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Jan Lyczakowski: A strategy to improve the processing of softwood to biofuels

last modified Oct 05, 2017 09:57 AM

A strategy to improve the processing of softwood to biofuels

In a paper recently published in Biotechnology for Biofuels (Lyczakowski et al., 2017; https://doi.org/10.1186/s13068-017-0902-1) we are looking at a possible way to improve the processing of timber derived from conifers to biofuels. Softwood, as any other timber, is predominantly composed of plant secondary cell walls - an intricate matrix of polysaccharides and phenolic compounds which surround wood cells. Due to abundance of trees, plant secondary cell walls are the largest, renewable, resource of bioenergy on the planet.

In this work we engineer cell walls of a model plant Arabidopsis thaliana to evaluate which of its components are critical for maintaining the resistance of biomass to degradation to simple sugars. We discover that by genetic removal of Glucuronic acid branches from a polysaccharide xylan we can increase the yields of fermentable sugars by more than 300% compared to wild type plants. We use the sugars released from both types of biomass as a feedstock for bioethanol production and find out that the removal of glucuronic acid doubles the biofuel yields obtained from plant material.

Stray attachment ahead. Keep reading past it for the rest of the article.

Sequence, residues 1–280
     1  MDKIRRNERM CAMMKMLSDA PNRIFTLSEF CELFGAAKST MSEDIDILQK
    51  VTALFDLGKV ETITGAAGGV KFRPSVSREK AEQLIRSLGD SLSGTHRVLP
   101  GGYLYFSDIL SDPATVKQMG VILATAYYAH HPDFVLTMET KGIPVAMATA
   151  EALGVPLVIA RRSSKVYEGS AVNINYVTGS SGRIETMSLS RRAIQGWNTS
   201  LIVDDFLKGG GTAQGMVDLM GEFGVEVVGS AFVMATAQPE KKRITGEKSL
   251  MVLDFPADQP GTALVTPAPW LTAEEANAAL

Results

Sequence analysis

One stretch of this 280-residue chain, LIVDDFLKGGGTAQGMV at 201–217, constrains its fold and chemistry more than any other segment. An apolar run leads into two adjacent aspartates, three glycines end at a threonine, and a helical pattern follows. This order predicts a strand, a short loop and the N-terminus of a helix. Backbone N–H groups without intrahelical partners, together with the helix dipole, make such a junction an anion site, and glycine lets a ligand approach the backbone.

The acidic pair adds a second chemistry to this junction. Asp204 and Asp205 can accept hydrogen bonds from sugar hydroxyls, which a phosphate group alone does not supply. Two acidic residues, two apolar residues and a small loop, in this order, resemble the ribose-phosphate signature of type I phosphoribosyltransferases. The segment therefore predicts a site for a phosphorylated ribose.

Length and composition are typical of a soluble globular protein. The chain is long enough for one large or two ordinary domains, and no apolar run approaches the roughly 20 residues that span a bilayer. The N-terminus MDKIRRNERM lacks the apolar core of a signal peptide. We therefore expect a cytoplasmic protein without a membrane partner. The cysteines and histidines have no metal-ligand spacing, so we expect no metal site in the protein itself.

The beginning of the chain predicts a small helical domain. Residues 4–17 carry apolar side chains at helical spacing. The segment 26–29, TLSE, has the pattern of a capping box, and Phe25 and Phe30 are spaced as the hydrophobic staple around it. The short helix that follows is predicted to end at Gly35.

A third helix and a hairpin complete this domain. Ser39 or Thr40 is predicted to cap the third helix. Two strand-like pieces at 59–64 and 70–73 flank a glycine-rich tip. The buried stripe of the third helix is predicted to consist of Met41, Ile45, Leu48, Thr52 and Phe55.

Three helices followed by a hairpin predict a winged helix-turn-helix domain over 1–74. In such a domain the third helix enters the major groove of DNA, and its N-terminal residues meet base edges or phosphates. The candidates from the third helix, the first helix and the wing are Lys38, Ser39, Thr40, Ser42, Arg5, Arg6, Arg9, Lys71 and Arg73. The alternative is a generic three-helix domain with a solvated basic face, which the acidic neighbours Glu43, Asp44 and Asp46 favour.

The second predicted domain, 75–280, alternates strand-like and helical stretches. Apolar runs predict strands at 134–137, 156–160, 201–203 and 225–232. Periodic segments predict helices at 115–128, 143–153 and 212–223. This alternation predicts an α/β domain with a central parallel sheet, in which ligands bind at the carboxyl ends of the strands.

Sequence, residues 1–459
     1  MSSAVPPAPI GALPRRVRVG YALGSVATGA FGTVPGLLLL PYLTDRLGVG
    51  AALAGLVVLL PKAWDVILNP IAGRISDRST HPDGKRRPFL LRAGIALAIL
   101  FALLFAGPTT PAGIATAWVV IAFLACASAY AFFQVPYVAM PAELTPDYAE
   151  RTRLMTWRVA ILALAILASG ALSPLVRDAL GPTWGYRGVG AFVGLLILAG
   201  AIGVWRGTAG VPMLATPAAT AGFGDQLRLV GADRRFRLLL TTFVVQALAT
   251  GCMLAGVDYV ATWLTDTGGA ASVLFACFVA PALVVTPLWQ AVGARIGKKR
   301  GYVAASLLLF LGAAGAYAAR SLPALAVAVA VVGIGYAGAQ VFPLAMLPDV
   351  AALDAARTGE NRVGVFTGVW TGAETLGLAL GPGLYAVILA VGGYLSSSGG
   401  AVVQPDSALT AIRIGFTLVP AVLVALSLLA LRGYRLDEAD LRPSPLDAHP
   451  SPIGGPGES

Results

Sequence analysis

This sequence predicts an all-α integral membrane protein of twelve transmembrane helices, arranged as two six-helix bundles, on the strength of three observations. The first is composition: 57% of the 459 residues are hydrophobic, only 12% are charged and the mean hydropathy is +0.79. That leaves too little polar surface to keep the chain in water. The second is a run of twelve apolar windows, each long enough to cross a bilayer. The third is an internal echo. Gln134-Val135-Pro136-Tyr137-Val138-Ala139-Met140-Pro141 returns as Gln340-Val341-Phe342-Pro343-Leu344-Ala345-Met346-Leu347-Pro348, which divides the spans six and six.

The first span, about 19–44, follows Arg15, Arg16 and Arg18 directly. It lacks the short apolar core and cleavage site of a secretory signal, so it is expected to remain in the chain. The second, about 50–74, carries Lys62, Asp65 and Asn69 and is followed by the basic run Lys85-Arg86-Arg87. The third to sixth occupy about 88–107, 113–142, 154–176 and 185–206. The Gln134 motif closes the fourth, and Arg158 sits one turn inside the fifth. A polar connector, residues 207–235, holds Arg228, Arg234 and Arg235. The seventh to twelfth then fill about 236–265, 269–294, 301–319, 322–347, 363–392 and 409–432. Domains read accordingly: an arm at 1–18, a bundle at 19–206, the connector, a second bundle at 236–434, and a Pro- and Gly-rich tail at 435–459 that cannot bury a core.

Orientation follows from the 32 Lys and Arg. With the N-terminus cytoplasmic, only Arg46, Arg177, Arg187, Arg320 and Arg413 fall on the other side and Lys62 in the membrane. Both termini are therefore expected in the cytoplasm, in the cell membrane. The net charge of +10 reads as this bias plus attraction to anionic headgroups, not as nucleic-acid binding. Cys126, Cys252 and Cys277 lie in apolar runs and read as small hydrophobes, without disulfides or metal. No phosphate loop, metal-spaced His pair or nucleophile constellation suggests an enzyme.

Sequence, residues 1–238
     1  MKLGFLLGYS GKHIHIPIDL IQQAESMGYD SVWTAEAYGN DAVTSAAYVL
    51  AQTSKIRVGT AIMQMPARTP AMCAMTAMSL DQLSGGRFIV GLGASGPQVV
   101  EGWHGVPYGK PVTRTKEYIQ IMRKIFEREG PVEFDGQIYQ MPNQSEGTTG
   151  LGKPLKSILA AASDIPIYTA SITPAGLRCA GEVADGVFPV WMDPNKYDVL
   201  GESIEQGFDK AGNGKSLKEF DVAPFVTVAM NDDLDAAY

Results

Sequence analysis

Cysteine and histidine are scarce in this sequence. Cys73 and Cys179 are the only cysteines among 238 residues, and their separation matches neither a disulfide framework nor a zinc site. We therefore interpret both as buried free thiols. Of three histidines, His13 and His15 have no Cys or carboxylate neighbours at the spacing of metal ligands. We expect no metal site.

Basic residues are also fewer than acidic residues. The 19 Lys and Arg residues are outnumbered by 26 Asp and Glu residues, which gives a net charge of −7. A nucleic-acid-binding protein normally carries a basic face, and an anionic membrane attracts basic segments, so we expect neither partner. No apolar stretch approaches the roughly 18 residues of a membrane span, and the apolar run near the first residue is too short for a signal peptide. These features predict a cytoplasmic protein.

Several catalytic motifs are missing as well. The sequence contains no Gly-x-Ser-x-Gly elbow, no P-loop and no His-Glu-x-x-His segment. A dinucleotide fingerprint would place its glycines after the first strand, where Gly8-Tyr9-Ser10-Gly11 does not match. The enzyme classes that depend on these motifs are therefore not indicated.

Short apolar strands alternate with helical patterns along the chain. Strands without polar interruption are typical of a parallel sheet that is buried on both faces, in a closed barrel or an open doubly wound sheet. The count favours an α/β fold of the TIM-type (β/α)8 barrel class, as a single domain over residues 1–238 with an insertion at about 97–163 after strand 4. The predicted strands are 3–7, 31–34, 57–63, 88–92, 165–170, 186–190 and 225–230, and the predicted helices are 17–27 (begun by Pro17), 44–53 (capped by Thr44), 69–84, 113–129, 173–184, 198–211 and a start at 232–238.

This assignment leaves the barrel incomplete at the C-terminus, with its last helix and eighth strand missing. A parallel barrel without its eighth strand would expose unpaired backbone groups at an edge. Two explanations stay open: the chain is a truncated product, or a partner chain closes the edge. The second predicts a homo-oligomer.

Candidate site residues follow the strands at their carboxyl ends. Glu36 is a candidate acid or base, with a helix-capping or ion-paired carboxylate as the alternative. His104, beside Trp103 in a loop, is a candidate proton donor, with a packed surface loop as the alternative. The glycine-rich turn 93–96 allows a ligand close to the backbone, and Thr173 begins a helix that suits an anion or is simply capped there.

The addition of glucuronic acid, which we have discovered to be a molecular determinant of biomass recalcitrance, is catalysed by GUX enzymes in A. thaliana. By mining large transcriptomic datasets we identify putative conifer GUX enzymes likely to be responsible for the addition of glucuronic acid onto softwood xylan. We then use biochemical and synthetic biology techniques to establish that a newly discovered gene – PgGUX is indeed an active glucuronic acid transferase encoded in a genome of White spruce (Picea glauca).

Importantly, Arabidopsis thaliana plants without glucuronic acid on xylan grow to the same height as wild type plants and produce the same amount of biomass. Therefore, we believe that the identification and characterisation of conifer GUX enzymes will allow for creation of conifer trees which can provide a superior feedstock for biofuel production. Finally, as improvement in sugar release observed for plants without active GUX enzymes is measured without any chemical or thermal pre-treatment of biomass, this work may support innovation in industrial processes looking for more environmentally benign ways of processing timber.

Publication details;

Lyczakowski J, et al. Removal of glucuronic acid from xylan is a strategy to improve the conversion of plant biomass to sugars for bioenergy. Biotechnology for Biofuels 2017 10:224. DOI: 10.1186/s13068-017-0902-1

OpenAcess full text available at: https://biotechnologyforbiofuels.biomedcentral.com/articles/10.1186/s13068-017-0902-1

 

Jan Lyczakowski is a 2014 cohort PhD student in the BBSRC DTP Programme. He is currently researching the patterning of glucuronic acid decorations on xylan in the lab of Professor Paul Dupree in the Department of Biochemistry at the University of Cambridge. As part of the BBSRC DTP Programme Jan completed rotation projects in Biochemistry and a second rotation split between Professor Chris Abell in the Department of Chemistry and Professor Alison Smith in the Department of Plant Sciences. He is currently undertaking his Professional Internship for PhD Students (PIPS) at the CambPlants Hub, where he is mapping the bioenergy expertise at the University of Cambridge.

 

Conifers Jan Lyczakowski Oct 2017